Thanks everyone for tips on getting rid of fruit flies. We tried the plastic bag with mashed fruit, but the flies didn’t want to get in there. The overturned slightly propped up glass dish with a bit of bait underneath attracted a few, but transferring the flies to a killing field without losing them was too much for me. Obviously, the funnel and jar was a bust. Someone suggested a can of cheap beer mixed with detergent - the soap breaks the surface tension so when their little feet hit the liquid they are just sucked right in and quickly drown. That was the trigger. I’ve seen how they love red wine, the little drunken sots. So instead of beer, I just poured the wine in a glass, added a squirt of detergent, and it worked. I sent dozens and dozens of flies to their graves. It’s over now, anyway. The weather is cold and they have disappeared.

It’s probably some other kind of cosmic justice that made me feel a tickle under the sleeve of my shirt the other day. Thinking my nerve ends were a little jumpy, I scratched. A few seconds later, again, a sensation like tiny feet running up my arm. Then something pinched me hard. That's when I knew it was no nerve end. A bug was crawling around inside my sleeve. Screaming, I threw my shirt off in the living room, not caring about anything except salvation from the creepy thing that was biting me. I know Denis thinks I’m totally crazy, and was glad it was only the two of us. I ran upstairs and shook out my shirt over the bathtub and an EARWIG fell out. It BIT me with its ugly dangerous pincers. I KNEW it. I forced myself to pick it up in a tissue, squeeze it to death and I took it back to show Denis. I made him look because even though he said he believed me, I knew he didn’t. And there it was.

I’m glad I don’t know any state secrets, cuz if threatened with earwigs, cockroaches or centipedes I would tell all and not be sorry.

Friday, October 9, 2009

"The Scent of Slow"

Today this arrived in my inbox. I'd almost forgotten that I'd written it and when it came, I read it again almost as if I didn't know the author or remember that fine quote from C.S. Lewis. Comment is a weekly on-line (and print) magazine aimed at this generation of students, but appreciated by a much wider audience. It is published by Cardus, a Canadian think tank. Go here to figure out why they'd include my voice among artists, scholars, and professionals of one sort or another. Perhaps I fit their desire to "integrate the broad wisdom of the biblical narrative of brokenness and restoration." If so, I'm humbled and honored to be among them and to dialogue with this generation of college and graduate students.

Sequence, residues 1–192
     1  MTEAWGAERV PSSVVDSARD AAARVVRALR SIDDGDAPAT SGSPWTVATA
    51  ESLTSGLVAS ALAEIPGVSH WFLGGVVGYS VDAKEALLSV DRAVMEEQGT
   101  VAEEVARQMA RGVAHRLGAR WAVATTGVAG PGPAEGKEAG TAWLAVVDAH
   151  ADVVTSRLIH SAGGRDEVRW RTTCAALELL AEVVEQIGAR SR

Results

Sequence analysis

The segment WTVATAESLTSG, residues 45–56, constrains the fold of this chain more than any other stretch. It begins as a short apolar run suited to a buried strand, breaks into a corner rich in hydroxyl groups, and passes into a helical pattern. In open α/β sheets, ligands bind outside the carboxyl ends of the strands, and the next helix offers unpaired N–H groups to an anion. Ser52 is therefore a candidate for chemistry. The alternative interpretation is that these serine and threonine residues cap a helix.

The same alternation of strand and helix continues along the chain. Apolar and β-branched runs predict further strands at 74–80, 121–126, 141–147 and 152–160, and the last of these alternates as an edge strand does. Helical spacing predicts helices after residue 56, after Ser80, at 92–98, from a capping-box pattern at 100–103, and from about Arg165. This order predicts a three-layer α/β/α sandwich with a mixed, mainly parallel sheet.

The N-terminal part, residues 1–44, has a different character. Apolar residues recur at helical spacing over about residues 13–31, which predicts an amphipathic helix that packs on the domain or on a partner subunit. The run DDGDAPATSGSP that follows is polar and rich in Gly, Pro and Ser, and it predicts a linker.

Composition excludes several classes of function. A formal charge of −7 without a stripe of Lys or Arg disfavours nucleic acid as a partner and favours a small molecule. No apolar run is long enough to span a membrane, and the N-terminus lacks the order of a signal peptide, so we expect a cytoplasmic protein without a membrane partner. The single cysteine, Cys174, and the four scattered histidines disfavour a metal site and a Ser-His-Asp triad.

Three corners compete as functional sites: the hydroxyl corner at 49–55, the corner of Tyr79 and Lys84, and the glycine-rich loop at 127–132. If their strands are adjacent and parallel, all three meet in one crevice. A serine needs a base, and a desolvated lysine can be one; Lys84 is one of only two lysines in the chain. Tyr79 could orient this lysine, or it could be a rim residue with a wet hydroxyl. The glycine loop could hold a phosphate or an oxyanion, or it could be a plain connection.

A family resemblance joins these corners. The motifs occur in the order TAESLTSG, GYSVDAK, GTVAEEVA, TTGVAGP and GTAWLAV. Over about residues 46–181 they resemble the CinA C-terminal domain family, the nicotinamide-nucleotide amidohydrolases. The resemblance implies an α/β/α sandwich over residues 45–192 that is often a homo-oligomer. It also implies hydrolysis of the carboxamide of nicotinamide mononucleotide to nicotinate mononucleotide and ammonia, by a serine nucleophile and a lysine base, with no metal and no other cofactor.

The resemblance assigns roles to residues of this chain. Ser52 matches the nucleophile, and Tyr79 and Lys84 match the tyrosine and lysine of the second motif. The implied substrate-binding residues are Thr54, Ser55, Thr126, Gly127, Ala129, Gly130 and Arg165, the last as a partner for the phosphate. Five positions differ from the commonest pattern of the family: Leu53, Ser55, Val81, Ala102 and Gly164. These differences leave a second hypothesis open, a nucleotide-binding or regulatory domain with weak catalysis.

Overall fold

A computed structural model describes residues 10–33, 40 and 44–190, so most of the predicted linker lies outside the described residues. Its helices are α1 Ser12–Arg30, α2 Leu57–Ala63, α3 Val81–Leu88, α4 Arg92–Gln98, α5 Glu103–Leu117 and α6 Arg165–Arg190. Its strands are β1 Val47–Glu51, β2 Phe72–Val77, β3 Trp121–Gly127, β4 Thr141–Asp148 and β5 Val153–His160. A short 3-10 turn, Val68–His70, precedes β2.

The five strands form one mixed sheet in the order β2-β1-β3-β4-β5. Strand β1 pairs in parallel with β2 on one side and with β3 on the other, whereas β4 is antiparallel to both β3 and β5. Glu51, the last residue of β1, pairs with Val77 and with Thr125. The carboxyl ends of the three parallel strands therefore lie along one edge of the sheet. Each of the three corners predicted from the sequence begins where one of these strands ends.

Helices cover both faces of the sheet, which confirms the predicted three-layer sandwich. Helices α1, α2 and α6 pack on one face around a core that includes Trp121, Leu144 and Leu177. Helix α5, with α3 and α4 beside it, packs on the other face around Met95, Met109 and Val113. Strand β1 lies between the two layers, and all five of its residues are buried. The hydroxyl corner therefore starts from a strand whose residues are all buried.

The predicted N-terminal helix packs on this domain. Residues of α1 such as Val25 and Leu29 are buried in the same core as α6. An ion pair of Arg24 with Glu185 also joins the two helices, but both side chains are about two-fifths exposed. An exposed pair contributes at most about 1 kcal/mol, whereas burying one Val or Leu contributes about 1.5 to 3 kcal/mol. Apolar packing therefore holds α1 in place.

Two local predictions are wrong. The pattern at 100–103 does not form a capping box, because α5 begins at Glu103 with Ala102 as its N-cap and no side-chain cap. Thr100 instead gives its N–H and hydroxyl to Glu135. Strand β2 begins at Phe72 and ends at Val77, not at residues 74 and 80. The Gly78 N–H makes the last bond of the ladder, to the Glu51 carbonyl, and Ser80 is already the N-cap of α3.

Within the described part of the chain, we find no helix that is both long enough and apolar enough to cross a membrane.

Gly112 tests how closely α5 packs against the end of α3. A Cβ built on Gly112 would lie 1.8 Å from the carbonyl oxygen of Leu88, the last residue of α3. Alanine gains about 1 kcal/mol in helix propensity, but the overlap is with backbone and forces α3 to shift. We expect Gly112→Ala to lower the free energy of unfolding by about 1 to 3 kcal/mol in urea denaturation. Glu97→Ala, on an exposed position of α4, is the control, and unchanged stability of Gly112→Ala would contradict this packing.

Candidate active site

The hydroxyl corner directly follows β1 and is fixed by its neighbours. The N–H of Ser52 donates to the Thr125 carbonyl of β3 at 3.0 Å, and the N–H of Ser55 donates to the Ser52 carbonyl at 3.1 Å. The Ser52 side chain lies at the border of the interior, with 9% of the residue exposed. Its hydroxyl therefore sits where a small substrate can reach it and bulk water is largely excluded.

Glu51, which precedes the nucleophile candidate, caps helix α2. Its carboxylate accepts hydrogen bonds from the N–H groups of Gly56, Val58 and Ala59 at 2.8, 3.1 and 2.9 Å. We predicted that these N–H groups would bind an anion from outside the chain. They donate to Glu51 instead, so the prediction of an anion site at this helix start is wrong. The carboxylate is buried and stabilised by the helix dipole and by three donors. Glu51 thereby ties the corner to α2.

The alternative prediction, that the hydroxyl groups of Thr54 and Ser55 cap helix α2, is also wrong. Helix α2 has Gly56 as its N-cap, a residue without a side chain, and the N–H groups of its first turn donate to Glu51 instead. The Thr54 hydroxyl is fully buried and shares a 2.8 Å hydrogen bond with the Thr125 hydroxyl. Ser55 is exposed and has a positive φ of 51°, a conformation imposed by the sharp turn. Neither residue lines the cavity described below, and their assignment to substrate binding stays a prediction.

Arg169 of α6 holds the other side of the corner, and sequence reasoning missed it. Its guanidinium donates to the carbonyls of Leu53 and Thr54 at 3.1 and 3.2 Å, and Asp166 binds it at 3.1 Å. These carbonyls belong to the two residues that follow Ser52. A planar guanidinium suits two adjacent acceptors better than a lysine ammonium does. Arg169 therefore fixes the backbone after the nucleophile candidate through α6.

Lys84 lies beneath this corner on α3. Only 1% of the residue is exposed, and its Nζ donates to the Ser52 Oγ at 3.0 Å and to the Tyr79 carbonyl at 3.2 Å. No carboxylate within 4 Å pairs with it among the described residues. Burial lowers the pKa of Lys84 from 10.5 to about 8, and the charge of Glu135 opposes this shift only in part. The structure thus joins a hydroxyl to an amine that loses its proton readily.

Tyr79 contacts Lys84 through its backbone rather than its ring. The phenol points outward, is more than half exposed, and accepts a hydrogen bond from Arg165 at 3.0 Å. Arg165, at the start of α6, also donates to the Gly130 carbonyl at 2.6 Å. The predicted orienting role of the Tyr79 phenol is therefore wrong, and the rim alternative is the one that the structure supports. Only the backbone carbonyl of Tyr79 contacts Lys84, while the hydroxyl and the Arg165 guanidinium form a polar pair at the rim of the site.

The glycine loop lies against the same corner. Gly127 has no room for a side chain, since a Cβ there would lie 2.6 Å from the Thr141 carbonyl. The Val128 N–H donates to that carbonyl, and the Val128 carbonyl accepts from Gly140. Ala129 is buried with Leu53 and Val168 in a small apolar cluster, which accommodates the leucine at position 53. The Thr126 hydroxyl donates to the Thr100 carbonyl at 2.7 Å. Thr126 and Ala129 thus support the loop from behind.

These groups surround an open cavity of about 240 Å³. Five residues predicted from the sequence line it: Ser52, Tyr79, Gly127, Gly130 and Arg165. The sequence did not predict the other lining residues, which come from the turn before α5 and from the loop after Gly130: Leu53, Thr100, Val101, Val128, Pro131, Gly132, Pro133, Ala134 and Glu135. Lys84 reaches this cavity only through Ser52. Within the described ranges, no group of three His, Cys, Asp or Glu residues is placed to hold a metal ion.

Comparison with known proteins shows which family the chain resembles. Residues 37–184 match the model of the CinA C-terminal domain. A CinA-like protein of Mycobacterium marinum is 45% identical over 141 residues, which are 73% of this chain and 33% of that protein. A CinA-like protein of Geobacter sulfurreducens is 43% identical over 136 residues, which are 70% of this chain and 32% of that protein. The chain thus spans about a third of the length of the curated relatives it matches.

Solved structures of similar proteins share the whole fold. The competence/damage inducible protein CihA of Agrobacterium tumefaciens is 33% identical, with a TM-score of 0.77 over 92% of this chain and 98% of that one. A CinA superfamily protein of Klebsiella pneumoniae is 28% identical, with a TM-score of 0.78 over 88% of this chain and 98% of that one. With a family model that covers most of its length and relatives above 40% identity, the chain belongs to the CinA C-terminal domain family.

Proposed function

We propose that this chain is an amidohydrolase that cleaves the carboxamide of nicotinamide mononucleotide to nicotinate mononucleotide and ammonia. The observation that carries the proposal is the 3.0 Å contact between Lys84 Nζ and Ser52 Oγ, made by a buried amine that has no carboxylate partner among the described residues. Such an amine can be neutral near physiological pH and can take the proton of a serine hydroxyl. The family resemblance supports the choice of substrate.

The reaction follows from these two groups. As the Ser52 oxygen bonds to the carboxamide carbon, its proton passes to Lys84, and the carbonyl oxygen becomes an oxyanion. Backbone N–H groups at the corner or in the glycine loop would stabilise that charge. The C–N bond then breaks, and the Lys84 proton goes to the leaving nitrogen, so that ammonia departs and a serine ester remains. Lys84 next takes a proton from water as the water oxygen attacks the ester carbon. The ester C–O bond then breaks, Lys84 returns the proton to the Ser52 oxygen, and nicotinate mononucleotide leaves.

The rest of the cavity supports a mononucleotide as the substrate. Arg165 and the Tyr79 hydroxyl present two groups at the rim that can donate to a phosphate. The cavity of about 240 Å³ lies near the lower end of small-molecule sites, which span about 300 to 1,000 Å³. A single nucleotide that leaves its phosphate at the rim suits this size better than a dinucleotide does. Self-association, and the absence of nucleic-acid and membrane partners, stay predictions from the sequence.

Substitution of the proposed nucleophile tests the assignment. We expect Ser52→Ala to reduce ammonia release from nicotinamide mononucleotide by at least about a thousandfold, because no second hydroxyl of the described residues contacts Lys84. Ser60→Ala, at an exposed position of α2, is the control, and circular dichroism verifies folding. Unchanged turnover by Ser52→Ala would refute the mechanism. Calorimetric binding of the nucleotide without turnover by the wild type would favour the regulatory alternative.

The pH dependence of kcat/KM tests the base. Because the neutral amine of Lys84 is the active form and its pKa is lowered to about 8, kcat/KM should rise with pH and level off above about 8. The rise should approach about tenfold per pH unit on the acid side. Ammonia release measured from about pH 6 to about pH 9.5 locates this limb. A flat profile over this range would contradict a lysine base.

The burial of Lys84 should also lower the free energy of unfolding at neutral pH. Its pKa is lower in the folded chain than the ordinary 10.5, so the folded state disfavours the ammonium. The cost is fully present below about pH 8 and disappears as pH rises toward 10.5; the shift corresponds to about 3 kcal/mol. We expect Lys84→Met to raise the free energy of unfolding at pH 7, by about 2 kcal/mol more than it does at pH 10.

Thursday, October 8, 2009


Fall is really here. I know because this week the population of fruit flies in our kitchen has multiplied to desert sandstorm levels. I can’t approach the sink unless I have a kerchief tied around my face to keep from breathing the little devils. Denis is really aroused by them and has been trying to erect little killing stations. Last night he had an inch of red wine (why not since they’ve been diving in and drowning themselves in droves) in a wine glass covered with a piece of press and stick plastic wrap with a tiny hole punched in the top. On my last check before bed I noted they weren’t finding their way in so I set up a trap with an old kitchen funnel. That didn’t work either because the aluminum funnel was dinged and bent from years of banging around in the utensil drawer. Why do I keep it? Well, you never know when you might need to pour a bottle of almond extract into a teeny jar. Okay. I don’t know! I threw away three garlic presses last year. Anyway, the funnel didn’t fit tight to the rim of the jar and they flew in, drank and laid eggs and did whatever fruit flies do and then crawled out. This morning there was only one fly floating in wine. Denis was again, quite agitated and sensing I might be embarrassed if some important person stopped by and choked on flies. He doesn’t seem to be aware that every one I know and respect doesn’t take out the garbage every other second or pour bleach down the disposal ten times a day or keep a toothbrush from air drying in the bathroom (that’s where they hung out last year, and I agree it’s a little sick), well then if you’re like me in October you’re going to have fruit flies. But anyway, Denis was rigging up another system and this time he found a larger funnel made of plastic (no dings, still smooth, kept in case of need to siphon cider vinegar from bathtub to gallon jug) and decided he remembered I used mashed banana bait a long time ago. (I must have 20 frozen bananas in the freezer waiting for inspiration) So, banana mixed with red wine, a funnel, jar, plastic wrap. Last check: two drowned, one swimming, one crawling, one thousand sitting on sink, sill, and stove.